Resource Highlight: PennSound

Looking for audio of contemporary poetry — possibly spoken by the author herself? PennSound at the University of Pennsylvania’s Center for Programs in Contemporary Writing is “an ongoing project, committed to producing new audio recordings and preserving existing audio archives.” It is an online archive of poetry audio recordings that makes tens of thousands of digital files available to the public for free. PennSound also has an internet radio station, podcasts, and videos (and a small selection of classics).

PennSound is all about making audio files that can be played universally, with all metadata intact. Its manifesto in short:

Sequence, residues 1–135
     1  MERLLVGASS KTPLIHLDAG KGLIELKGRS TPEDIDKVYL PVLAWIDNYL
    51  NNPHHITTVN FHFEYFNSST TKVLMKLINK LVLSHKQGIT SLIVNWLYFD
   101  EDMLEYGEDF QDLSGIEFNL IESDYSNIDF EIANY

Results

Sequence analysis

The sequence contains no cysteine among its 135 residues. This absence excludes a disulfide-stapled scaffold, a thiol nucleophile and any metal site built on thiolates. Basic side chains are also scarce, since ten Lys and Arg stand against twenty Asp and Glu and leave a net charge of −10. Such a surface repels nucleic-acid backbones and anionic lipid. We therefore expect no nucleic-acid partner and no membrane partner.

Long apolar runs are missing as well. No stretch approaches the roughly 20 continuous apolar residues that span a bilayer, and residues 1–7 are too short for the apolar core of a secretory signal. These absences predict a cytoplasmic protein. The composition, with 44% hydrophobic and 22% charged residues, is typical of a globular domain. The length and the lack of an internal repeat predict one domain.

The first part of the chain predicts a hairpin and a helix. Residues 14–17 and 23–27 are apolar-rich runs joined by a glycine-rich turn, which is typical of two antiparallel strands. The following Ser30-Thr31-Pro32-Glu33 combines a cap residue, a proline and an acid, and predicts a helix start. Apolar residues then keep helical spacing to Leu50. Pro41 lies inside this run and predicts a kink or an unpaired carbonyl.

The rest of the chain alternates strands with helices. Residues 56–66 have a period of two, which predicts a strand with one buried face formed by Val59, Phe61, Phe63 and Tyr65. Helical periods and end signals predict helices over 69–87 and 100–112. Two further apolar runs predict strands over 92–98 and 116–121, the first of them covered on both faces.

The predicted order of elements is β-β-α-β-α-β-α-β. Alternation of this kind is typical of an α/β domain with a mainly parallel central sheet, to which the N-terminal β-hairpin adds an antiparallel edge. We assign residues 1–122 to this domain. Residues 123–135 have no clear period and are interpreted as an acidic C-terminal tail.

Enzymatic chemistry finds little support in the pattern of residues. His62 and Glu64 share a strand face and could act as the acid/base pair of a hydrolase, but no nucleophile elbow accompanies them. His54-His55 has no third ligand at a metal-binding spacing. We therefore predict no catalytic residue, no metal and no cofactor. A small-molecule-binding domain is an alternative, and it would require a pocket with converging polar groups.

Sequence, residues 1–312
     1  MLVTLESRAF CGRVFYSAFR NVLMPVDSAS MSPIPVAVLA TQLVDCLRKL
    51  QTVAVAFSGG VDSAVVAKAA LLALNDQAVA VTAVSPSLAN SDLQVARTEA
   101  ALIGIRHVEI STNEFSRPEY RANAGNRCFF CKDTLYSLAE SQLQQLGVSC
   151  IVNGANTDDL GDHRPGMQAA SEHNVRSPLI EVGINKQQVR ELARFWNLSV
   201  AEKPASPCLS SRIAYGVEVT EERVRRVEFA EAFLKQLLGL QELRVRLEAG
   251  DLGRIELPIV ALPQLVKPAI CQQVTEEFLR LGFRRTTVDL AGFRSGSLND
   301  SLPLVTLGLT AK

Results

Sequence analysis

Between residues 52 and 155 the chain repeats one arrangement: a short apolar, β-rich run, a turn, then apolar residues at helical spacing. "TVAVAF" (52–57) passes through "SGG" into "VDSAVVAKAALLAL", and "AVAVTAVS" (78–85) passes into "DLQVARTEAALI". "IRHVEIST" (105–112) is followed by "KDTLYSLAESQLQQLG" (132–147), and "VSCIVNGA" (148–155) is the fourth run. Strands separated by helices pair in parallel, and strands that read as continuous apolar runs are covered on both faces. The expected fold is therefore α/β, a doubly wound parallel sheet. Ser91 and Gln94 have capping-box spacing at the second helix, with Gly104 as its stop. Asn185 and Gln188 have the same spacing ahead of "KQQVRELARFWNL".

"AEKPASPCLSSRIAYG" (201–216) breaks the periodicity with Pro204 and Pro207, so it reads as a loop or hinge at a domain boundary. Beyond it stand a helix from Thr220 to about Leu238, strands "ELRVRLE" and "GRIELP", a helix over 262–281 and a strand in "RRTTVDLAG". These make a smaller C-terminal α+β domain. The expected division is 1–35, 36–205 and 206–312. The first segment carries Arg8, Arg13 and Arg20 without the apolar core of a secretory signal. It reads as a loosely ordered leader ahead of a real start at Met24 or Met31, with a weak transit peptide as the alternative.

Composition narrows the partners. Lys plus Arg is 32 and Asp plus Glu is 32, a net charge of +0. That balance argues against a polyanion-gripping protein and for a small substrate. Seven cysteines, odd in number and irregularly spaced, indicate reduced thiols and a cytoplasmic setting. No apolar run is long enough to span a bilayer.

1. It must be free and downloadable.
2. It must be MP3 or better.
3. It must be singles.
4. It must be named.
5. It must embed bibliographic information in the file.
6. It must be indexed.

You can use poetry to introduce or summarize a section or topic, or to illustrate a point.  For example, do you have juniors and seniors making plans for life after high school?  Why not play Robert Frost’s “The Road Not Taken” and have them dissect its meaning?  Thanks to Penn Sound, they can also ponder the improbable path the recording took to get to them: from aluminum platter to reel tape to digitization!

Screen capture of Robert Frost page on PennSound